Gradually try to increase the range of the neck movements. Every few hours gently move your neck in each direction. Do this several times a day. As far as possible, continue with normal activities. You will not cause damage to your neck by moving it.

You should avoid driving until you can move your neck freely and without any pain.


Painkillers are often helpful.

  • Paracetamol at full strength is often sufficient. For an adult this is two 500 mg tablets, four times a day.
  • Anti-inflammatory painkillers. Some people find that these work better than paracetamol. They can be used alone or combined with paracetamol. They include ibuprofen which you can buy at pharmacies or obtain on prescription. Other types such as diclofenac or naproxen need a prescription. Some people with stomach ulcers, asthma, high blood pressure, kidney failure, or heart failure may not be able to take anti-inflammatory painkillers.
  • A stronger painkiller such as codeine is an option if anti-inflammatories do not suit or do not work well. Codeine is often taken in addition to paracetamol. Constipation is a common side-effect from codeine. To prevent constipation, have lots to drink and eat foods with plenty of fibre.
  • A muscle relaxant such as diazepam is occasionally prescribed for a few days if the stiffness in your neck muscles is severe.

Other treatments

Some other treatments which may be advised include:

  • A good posture may help. Check that your sitting position at work or at the computer is not poor. It is important to make sure that your head is not flexed forward and also that your back is not stooped when you are sitting and working. You should make sure you sit upright. Yoga, Pilates and the Alexander technique can all improve neck posture but their actual value in treating neck pain is uncertain.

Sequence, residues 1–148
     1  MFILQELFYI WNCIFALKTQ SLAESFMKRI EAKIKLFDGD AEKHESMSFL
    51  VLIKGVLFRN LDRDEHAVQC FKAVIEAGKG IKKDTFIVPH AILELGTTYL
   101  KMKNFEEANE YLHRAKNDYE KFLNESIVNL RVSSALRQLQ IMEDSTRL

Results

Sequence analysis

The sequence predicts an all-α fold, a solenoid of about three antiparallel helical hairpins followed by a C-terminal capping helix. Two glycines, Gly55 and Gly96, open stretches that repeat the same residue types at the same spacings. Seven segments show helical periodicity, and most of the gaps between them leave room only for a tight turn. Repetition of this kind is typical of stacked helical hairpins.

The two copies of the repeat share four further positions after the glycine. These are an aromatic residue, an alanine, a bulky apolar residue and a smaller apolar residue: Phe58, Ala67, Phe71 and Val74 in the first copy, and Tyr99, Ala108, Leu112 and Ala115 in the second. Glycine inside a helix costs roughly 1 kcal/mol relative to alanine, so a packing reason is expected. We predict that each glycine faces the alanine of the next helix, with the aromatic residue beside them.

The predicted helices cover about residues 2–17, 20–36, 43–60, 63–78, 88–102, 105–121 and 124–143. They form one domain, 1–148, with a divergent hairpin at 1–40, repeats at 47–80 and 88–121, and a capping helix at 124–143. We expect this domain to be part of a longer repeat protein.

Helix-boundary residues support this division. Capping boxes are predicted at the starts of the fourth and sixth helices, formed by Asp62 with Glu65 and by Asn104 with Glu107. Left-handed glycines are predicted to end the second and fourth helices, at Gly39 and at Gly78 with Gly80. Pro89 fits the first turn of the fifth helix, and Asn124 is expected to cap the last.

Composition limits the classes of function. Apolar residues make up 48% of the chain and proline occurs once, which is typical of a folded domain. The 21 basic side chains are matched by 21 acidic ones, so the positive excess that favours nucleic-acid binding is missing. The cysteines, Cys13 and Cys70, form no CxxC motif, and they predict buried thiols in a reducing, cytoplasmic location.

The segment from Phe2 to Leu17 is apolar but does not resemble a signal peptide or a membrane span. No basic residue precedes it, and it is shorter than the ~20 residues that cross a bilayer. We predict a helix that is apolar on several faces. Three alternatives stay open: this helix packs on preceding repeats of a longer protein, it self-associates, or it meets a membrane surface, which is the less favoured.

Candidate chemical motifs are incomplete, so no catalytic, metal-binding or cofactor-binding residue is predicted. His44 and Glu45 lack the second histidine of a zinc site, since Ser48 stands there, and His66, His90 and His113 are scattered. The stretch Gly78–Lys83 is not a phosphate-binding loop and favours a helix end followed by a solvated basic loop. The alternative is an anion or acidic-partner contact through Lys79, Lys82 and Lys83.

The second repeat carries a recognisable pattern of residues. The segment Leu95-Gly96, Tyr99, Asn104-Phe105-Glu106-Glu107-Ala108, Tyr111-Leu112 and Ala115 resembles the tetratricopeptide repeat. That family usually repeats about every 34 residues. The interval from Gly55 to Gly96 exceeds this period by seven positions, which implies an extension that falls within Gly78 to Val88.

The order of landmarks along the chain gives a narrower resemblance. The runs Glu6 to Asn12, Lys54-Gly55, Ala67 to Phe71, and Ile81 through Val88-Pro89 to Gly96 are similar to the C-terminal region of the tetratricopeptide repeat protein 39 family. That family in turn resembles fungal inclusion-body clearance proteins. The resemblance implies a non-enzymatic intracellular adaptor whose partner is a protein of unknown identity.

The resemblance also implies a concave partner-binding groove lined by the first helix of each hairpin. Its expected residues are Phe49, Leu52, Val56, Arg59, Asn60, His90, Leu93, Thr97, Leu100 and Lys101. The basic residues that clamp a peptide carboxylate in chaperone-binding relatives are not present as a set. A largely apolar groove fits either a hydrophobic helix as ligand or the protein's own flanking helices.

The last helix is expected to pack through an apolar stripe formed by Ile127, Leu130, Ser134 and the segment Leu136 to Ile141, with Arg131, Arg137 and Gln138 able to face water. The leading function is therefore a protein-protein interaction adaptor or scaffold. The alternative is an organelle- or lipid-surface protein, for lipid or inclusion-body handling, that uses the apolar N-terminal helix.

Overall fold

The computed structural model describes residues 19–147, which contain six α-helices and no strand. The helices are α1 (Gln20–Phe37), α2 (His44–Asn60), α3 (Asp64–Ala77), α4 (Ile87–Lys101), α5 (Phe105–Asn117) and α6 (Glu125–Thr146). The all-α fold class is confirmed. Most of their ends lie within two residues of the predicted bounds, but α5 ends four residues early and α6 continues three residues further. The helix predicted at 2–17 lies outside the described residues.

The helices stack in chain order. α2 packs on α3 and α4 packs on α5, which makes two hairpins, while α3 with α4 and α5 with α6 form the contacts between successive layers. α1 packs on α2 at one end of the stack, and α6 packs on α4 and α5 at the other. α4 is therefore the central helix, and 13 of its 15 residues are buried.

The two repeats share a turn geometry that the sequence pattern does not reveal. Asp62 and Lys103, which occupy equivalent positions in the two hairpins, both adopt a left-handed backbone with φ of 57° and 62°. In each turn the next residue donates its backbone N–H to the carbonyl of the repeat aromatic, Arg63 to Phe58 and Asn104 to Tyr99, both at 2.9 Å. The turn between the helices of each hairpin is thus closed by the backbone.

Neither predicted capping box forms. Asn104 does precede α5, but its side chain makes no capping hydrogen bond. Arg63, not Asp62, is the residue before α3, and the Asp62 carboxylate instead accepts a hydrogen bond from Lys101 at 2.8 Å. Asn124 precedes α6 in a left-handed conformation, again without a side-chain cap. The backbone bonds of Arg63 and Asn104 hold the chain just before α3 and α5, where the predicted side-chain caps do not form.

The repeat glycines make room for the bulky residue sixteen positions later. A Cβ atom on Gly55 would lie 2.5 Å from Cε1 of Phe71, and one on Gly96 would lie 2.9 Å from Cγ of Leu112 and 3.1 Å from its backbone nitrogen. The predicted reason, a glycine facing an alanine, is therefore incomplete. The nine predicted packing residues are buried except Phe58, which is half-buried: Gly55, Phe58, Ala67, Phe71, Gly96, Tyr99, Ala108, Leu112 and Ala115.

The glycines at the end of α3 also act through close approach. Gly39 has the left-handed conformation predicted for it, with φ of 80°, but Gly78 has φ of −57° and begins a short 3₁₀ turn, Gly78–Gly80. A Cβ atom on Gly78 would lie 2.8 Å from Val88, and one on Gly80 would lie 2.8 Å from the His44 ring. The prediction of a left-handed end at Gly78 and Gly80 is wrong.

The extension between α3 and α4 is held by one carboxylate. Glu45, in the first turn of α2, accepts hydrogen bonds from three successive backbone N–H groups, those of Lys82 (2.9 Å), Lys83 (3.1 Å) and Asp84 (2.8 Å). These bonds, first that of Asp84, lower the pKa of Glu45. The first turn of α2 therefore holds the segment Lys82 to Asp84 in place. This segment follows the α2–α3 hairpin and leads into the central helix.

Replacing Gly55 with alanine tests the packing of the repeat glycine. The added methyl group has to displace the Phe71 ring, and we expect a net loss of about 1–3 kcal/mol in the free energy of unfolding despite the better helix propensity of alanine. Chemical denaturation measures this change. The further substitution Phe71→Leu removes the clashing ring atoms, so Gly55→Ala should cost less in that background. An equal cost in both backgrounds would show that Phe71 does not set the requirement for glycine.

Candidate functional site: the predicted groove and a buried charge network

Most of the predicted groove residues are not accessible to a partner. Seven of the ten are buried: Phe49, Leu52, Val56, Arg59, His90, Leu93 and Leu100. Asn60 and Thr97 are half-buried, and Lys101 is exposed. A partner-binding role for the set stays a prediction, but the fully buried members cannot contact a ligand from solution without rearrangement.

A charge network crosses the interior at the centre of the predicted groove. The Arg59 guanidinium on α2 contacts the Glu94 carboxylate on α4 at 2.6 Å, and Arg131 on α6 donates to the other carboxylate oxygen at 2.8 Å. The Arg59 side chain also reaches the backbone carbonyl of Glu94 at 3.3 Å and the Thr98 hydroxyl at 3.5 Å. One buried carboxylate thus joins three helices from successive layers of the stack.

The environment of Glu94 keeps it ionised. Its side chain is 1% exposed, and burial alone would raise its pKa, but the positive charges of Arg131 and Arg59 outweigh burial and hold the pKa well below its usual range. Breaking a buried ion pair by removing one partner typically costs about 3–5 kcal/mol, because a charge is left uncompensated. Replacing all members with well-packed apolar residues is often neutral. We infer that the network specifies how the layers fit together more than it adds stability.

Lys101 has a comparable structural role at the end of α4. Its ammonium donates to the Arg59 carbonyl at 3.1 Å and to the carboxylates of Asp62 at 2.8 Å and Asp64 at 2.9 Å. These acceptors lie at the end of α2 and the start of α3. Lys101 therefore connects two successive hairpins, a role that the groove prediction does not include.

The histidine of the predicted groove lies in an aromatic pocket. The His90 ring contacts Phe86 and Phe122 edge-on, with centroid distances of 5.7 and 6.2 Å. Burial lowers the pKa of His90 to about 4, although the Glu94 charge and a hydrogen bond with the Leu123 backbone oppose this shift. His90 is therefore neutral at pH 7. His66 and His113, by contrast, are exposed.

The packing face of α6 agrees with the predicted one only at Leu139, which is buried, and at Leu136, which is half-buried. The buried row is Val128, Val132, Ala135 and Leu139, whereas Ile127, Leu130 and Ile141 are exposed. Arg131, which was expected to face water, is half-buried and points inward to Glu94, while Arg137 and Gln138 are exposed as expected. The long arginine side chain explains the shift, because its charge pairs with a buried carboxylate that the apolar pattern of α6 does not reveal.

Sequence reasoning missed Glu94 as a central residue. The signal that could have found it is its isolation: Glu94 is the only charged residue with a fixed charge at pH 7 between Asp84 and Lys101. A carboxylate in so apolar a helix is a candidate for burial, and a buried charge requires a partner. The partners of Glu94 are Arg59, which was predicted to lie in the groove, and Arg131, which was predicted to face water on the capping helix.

• A firm supporting pillow seems to help some people when sleeping. Try not to use more than one pillow.
  • Heat packs which can help relax the stiffness in the affected muscles are useful for some people.

Note: soft neck collars are not recommended anymore as they can actually worsen and prolong the stiffness.

Cervical dystonia

Cervical dystonia (also known as spasmodic torticollis) is a problem where abnormal movements develop in the muscles of the neck. It most often occurs in people over the age of 40.

You cannot control the contraction of the neck muscles which produce abnormal movements and postures of the neck and head. These can be either twisting (torticollis), being pulled forwards (antecollis), backwards (retrocollis), or sideways (laterocollis).

Cervical dystonia can range from being mild to severe. There is no cure. However, regular injections of botulinum toxin, which paralyse the affected muscles, are the most effective treatment.

Other less common causes

More rarely, torticollis in the neck occurs as a result of other conditions. These include:

  • Infections of your throat or upper airways. These can cause swelling in your lymph glands in your neck or infections in your skin and underlying tissues. The inflammation can trigger a spasm in your neck muscles.
  • Any abnormality or injury of your neck (cervical spine). For example, cervical spine tumours or blood vessel abnormalities.
  • As a side-effect of certain medicines - for example, phenothiazines.

The treatment of these depends on the cause.

Original Author:
Dr Beverley Kenny
Current Version:
Peer Reviewer:
Dr John Cox
Document ID:
12556 (v4)
Last Checked:
Next Review:
The Information Standard - certified member